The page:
A few nights ago, my husband was relaying conversations he had with a couple of his co-workers who were either expecting their first child or had recently had one. To the woman who was pregnant and stock-piling Pampers, he suggested cloth diapering the baby, but when he told her, “you know, you can even buy used cloth diapers” she was appalled.
“I’m not putting second-hand diapers on my child’s hoo-ha!”
To the co-worker who was frustrated when his wife, a nurse with a good salary, took a half-time position because she couldn’t bear to put their baby in daycare, he chuckled.
It’s true. First time parents sanitize the binkie each time it falls; for the second child, the binkie gets sucked clean in the parent’s own mouth before being deposited back in the baby’s, and if you are crazy enough to have even more children, well, you’re satisfied with any old thing they shove in their pie-hole so long as they quit screaming.
I jest…a little, but I am quite serious when I warn new parents: Choose your family traditions wisely.
Just last week I was sitting in a meeting at work when a colleague started passing around a giant bag of fun-sized treats. It turns out that the “Switch Witch” had come and traded out all her children’s Halloween candy for some non-edible toys.
The Switch Witch? I’d never heard of it and I immediately wondered if my children needed one. It would be handy to get all the Halloween candy out of the house, not because my four-year-old just got her first cavity filled, but rather I found myself snacking on it and with Thanksgiving and Christmas around the corner, I didn’t need a head start on all those extra calories.
Still, what was so wrong with kids eating their Halloween candy? Wasn’t that one of the great joys of childhood? Halloween candy could teach one to barter, to trade, and to ration. Yes, my children pestered me for candy before they even had breakfast, but they had worked hard for that loot. And let’s be honest, the idea of spending money to replace the candy they had gotten for free didn’t sit right with me. Besides, I had a profound aversion to buying my children toys starting in September and lasting right up to Christmas. If dear old Saint Nick was arriving within three turns of the calendar, they could wait.
It was bad enough that I had to cough up more and more money each time a tooth was lost. The inflation on teeth is downright alarming! Back when I was a kid, I got a quarter. Did you see what Farrah Abraham’s daughter got?!? Now I’m no Back-door Teen Mom, but still. If the tooth fairy is leaving fivers for all my daughter’s friends, I have to at least leave a couple bucks.
While I successfully talked myself out of the Switch Witch, it was only a day or two later that my aunt posted this meme on Facebook.
While I have enjoyed some of the Elf on the Shelf benefits, it is A LOT of pressure. You pretty much have two choices once you adopt the elf tradition: you can either have a slacker elf or a kick-ass elf, and if you choose not to slack, you can never go back. Sure, sure, you can get away with saying the elf didn’t move once or twice because the kids were naughty, but other than that, you’ve got to play the game.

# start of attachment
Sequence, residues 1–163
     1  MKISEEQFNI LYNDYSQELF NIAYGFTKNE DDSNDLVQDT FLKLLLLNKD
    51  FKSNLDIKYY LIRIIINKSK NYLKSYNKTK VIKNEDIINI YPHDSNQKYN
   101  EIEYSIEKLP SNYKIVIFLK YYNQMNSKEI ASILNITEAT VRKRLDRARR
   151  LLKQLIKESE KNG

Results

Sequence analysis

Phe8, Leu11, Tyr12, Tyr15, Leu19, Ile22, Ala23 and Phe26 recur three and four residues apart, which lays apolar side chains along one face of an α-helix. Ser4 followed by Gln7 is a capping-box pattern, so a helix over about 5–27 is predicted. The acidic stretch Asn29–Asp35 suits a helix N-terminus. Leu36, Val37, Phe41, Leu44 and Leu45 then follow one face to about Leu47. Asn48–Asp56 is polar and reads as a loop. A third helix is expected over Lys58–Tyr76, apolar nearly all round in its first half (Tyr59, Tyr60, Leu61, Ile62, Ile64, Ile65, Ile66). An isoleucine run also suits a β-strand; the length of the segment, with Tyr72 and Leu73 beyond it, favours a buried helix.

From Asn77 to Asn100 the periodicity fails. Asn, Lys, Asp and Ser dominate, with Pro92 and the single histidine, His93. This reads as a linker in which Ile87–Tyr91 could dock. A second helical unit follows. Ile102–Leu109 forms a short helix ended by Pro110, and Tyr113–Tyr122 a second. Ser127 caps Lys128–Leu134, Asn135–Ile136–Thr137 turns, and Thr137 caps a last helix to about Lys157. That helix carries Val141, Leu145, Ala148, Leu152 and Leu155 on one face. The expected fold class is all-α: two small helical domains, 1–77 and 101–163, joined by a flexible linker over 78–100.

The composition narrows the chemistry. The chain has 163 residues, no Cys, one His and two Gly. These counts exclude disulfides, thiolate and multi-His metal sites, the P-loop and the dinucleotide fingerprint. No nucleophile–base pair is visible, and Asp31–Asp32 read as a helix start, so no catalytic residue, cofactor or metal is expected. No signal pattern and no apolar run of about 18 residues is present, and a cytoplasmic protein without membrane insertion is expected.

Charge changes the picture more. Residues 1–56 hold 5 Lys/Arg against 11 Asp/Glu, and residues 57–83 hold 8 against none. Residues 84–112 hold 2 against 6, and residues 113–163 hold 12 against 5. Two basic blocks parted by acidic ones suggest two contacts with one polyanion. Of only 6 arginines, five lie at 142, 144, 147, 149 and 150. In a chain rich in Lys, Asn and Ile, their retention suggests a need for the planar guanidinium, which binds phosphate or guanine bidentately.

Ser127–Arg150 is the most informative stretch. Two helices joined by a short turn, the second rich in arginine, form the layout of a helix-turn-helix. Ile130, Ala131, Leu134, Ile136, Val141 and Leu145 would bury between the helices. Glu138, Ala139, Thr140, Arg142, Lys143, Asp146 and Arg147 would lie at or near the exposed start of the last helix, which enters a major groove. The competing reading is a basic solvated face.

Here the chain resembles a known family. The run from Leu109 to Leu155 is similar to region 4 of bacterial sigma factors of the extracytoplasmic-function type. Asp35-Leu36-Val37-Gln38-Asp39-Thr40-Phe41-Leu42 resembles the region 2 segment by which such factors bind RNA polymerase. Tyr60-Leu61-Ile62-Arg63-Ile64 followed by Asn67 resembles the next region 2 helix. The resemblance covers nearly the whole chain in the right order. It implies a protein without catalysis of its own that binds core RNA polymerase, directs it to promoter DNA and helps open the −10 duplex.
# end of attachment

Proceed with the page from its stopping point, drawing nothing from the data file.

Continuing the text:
And the game lasts for years.
I have a friend who makes a special calendar for what their elf is going to do each night of the month. For our elf, I try to maintain a healthy balance of “Look what Dot did!” and “He’s in the Christmas tree….again.” And the older your kids get, the harder it becomes. My oldest daughter started critiquing the creativity of our elf’s hiding spots last Christmas when she was only seven. She’s even started remembering what our elf did in previous years. Maybe it would be easier if I hadn’t had to delete my Pinterest board dedicated to elf ideas, but since my daughter started using my account to pin arts and crafts inspiration, I’ve been coming up a little short.
My friend, whose own daughter is in middle school, assures me that it will become fun again once they are older. She and her daughter hide their elf on each other now. One day his legs will be hanging out from the front door when she comes home from work and the next, she’ll tuck the elf in her daughter’s underwear drawer, but when I consider that I potentially have a decade of this nonsense, it starts to feel like a self-imposed prison sentence.
Between the tooth fairy, the Easter bunny, and Santa Claus, there’s enough to worry about. As parents, you’re destined to fall asleep once or twice without slipping George Washington under your child’s pillow. You may be forced to secretly call your mother while hiding in the bathroom listening to your daughter cry and beg her to phone the house pretending to be the tooth fairy explaining how she was slammed the night before and simply couldn’t make it to all the houses. The next time you forget, (because there will be a next time too) you will explain, matter-of-factly, that the bedroom was too messy for the fairy to make a safe entry and use your deception to your advantage. But the minute you start adding in other traditions, you’re stuck with them, and the disappointment that will come with your mistakes.
Think you can decorate their bedroom door with crepe paper and balloons for just a couple birthdays? Ha! Think again! Witness the discontent on your children’s faces that one year a leprechaun didn’t dye the toilet water and the milk green and you’ll understand the severity of these decisions.
Before procreation, couples should discuss more than just how they will handle diapers, daycare, and discipline, for the traditions you choose now will be harder to get rid of than an STD. A good rule of thumb is that in the number of your offspring and the traditions you choose– less is always more.